A Complete Guide to Balance Problems

Balance problems make it hard for people to maintain stable posture and stay upright when standing, walking, and even sitting. Balance problems are more common in older adults and are the most common reason they seek help from a doctor. If balance problems go untreated, they can lead to falls. Physical therapists can help people of all ages improve their balance. They perform balance testing and develop treatment plans that include physical activity to help improve the strength, stability, and movement of people with balance problems.

Physical therapists are movement experts who improve quality of life through hands-on care, patient education, and prescribed movement.

What Are Balance Problems?

A balance problem exists when a person has difficulty keeping a stable and upright body position, whether moving or staying still. There are many causes of balance problems, including:

  • Muscle weakness
  • Joint stiffness and decreased movement
  • Joint stiffness and decreased movement
  • Inner ear problems
  • Certain medicines (for example: those prescribed for depression and high blood pressure)
  • Lack of physical activity or too much sitting
  • Simple aging

Balance problems also can be caused by medical conditions, such as:

  • Stroke
  • Parkinson disease
  • Multiple sclerosis
  • Traumatic brain injury
  • Arthritis
  • Spinal cord injury
  • Cognitive diseases (conditions that affect learning or thinking)
  • Diabetes

Balance problems occur when one or more of these five systems in the body do not function properly:

Vision – Poor vision can result from age, eye tracking problems, or eye diseases.

Inner ear – The part of the inner ear responsible for balance is the vestibular system. Hence, inner ear problems that affect a person’s balance are also called vestibular problems. Inner ear problems can develop from trauma, aging, poor nutrition, or disease.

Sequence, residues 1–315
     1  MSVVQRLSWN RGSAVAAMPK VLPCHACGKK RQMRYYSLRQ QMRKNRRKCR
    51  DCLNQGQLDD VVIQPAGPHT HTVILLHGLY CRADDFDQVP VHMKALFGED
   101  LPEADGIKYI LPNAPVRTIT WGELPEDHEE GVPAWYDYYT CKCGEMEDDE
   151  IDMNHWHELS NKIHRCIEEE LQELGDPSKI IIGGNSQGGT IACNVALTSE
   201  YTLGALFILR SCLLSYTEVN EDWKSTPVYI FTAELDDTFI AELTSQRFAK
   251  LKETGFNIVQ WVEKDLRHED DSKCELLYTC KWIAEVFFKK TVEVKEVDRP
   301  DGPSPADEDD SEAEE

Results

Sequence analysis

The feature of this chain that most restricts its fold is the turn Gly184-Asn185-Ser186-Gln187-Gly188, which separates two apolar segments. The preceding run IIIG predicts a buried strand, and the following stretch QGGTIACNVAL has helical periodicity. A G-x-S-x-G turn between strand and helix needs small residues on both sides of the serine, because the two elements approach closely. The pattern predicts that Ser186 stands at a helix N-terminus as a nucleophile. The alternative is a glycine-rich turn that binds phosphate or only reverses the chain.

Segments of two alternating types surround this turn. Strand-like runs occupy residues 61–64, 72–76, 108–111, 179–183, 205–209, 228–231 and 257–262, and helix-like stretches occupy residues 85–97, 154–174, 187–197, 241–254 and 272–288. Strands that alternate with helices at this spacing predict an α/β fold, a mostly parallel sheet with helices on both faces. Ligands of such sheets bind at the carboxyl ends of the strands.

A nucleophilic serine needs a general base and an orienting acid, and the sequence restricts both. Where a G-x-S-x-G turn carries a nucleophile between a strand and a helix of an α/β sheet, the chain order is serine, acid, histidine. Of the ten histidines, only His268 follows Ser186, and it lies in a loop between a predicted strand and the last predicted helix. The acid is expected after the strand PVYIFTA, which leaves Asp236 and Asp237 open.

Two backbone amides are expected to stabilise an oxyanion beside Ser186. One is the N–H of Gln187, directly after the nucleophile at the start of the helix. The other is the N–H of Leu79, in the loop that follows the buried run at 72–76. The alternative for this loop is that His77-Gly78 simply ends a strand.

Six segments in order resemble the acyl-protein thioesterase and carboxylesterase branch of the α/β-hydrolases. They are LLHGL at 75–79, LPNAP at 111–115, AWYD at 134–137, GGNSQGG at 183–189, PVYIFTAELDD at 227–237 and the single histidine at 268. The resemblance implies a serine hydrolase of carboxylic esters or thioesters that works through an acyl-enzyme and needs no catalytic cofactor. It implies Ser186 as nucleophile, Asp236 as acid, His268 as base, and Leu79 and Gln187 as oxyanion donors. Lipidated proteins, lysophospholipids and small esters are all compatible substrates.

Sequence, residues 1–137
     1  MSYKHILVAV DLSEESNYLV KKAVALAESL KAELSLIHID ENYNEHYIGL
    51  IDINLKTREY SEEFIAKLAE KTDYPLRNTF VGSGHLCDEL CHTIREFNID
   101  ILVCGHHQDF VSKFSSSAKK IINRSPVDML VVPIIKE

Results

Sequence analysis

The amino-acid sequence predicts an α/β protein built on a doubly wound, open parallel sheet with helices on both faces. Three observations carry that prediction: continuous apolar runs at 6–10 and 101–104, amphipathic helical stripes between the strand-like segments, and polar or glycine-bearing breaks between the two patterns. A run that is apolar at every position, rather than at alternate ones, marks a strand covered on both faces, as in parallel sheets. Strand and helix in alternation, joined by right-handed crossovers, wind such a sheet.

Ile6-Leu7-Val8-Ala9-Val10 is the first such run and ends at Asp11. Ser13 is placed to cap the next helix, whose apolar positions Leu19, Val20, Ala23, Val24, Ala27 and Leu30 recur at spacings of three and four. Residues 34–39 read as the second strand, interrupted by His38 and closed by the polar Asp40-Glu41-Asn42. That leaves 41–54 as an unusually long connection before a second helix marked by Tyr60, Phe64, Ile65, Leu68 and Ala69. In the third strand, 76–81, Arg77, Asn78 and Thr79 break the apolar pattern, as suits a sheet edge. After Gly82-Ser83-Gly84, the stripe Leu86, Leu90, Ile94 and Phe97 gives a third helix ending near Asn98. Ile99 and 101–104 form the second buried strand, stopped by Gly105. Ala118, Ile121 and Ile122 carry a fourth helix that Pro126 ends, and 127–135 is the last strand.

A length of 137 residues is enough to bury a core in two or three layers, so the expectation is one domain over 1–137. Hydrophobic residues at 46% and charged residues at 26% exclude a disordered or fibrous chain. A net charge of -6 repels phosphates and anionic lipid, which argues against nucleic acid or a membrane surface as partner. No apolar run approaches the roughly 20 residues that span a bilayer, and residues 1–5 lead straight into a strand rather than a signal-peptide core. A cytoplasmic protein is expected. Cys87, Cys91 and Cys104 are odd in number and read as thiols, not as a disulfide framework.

Muscular system – Muscle strength and flexibility can decline due to lack of exercise, too much sitting, or disease.

Proprioception – (the awareness of one’s own body position) Body-position sense can become abnormal due to trauma or a disease, such as diabetes.

Circulation – A sudden drop in blood pressure when a person sits or stands up, called orthostatic hypotension, can make a person feel dizzy or lightheaded. This may cause a person to faint and fall. Circulation problems can be caused by heart problems, dehydration, and some diseases.

The brain receives and combines information from the eye, inner ear, and body-position senses for balance control. It then sends signals to muscles to move or adjust to stay balanced. A person may not be able to maintain or correct their balance if:

  • One or more of the senses is not sending correct signals to the brain
  • The muscles cannot carry out the movements

How Does It Feel?

A person with balance problems may experience:

  • Teetering when trying to stand up, or staggering, tripping, swaying, or stumbling when walking
  • Dizziness or vertigo (a spinning feeling)
  • Falling or feeling as if you are going to fall
  • Lightheadedness, faintness, or a floating sensation
  • Blurred vision

Some people’s balance may be fine when sitting or standing still. This is called static balance. Balance also may be fine when only doing one thing at a time. Problems occur more often with dynamic balance, when a person moves about or tries to do more than one thing at a time. Dynamic balance problems also occur when information from the eye, inner ear, and body-position senses is altered. Examples include:

  • Walking while turning the head to talk to another person
  • Bending and reaching for an object
  • Walking in poorly-lit places (at night, or in a darkened room)

How Is It Diagnosed?

If you see a physical therapist first, they will conduct a full evaluation that includes taking your health history. Your physical therapist also will ask you detailed questions about your condition, such as:

  • How often do you have problems with your balance?
  • What are you doing when you experience balance problems?
  • Is your balance worse at night or in dark rooms?
  • Does the room spin, or do you feel off-balance?